TRANSPARENCY AND ACCOUNTABILITY

TRANSPARENCY AND ACCOUNTABILITY

27-02-2023

TRANSPARENCY AND ACCOUNTABILITY

 

TRANSPARENCY


What do we mean by transparency?

 

  1. Although there is no universally accepted definition of transparency, there is general agreement that it refers to public access to information and the right to know.
  2. Transparency, in its broadest sense, refers to: how much citizens are entitled to access to information held internally; the information's breadth, precision, and currented; and what citizens can do as "outsiders" if "insiders" do not provide such access sufficiently.
  3. Excessive secrecy can hinder citizens' ability to challenge abuses of public power and lower the quality of public decision-making. Almost every aspect of society and governance can suffer as a result of this.
  4. As a result, transparency in terms of both the dissemination and disclosure of information as well as access to decision-making is crucial because it better enables civil society to:
  • impose accountability on the government and/or key decision-makers;
  • encourage good government;
  • enhance efficiency and public policy;
  • combat dishonesty.

 

Significance of transparency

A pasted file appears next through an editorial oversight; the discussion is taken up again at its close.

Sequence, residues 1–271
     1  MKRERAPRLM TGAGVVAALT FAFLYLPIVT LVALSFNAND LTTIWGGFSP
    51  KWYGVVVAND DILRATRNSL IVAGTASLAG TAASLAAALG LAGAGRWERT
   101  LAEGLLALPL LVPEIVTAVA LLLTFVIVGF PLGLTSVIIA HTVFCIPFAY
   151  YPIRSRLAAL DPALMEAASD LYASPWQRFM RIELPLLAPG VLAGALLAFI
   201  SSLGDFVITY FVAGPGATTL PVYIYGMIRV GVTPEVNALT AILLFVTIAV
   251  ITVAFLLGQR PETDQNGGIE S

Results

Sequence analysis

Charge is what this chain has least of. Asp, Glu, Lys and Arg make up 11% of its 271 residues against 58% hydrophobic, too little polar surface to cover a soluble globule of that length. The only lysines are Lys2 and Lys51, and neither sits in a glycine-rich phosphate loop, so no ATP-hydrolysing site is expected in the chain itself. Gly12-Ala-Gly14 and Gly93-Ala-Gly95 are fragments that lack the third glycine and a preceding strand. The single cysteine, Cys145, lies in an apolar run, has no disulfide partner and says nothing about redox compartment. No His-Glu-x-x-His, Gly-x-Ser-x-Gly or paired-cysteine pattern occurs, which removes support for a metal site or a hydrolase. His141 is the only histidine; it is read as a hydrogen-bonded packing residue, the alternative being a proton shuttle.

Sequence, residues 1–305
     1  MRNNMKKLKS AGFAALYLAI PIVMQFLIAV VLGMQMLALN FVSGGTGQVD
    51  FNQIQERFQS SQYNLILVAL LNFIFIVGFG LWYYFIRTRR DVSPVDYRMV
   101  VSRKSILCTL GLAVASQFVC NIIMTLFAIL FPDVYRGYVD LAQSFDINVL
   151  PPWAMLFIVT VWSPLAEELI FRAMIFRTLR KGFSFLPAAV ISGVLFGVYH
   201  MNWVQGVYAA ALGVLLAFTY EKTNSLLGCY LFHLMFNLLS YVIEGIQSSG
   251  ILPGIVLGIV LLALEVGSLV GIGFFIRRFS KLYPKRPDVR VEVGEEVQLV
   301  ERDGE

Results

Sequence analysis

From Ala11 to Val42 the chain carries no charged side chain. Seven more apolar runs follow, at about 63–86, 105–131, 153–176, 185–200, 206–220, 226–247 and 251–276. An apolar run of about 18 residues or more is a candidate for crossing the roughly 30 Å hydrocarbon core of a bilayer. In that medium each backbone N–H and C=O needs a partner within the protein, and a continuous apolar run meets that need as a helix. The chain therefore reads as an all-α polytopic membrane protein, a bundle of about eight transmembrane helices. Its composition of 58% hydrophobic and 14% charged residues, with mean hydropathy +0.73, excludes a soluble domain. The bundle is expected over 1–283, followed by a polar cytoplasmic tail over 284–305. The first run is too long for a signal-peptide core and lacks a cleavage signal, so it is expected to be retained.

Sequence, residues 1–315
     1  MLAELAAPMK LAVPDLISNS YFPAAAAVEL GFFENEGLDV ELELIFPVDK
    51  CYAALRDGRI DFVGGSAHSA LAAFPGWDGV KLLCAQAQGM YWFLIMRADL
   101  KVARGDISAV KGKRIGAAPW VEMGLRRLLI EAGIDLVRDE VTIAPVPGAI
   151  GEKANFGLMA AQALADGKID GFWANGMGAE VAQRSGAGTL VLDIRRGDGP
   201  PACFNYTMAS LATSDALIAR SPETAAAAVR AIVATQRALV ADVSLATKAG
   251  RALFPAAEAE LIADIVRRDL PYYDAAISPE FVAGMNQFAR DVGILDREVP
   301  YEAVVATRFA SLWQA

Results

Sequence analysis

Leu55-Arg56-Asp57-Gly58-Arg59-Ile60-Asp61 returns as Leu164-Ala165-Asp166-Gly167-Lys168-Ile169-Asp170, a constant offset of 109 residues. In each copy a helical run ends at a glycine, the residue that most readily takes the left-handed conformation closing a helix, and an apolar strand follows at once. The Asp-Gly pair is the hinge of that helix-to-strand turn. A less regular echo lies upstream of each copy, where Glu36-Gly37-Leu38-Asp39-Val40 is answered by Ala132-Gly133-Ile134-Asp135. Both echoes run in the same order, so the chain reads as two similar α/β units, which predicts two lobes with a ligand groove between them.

“The International Human Rights NGO Article 19 has described information as "the oxygen of democracy" while the UNDP Human Development Report 2002 describes informed debate as the "lifeblood of democracies."

 

Democracy, accountability and participation

 

  1. A lack of information or access to it frequently results in feelings of powerlessness, mistrust, and frustration.
  2. The public can only truly participate in the democratic process when they are aware of the government's activities and policies, as well as their entitlements to benefits and services and whether or not they are receiving what is expected of them. 
  3. On the other hand, having access to relevant, up-to-date information can lay the groundwork for a natural exchange, enabling public and official access to decisions made and policies implemented more effectively.
  4. Transparency is an important principle of good governance because it can help to build the capacity of the poor and/or marginalized to participate in the formulation and implementation of policies if there is a degree of clarity and openness about how decisions are made to have an impact on these choices that affect their lives; and to encourage policymakers and decision-makers to use their authority for the greater good.
  5. Enhanced effectiveness and efficiency: Greater transparency may also directly or indirectly benefit the government itself. As a result, transparency is also regarded as an essential component of efficiency and public policy. Countries where information flows freely in both directions leads to: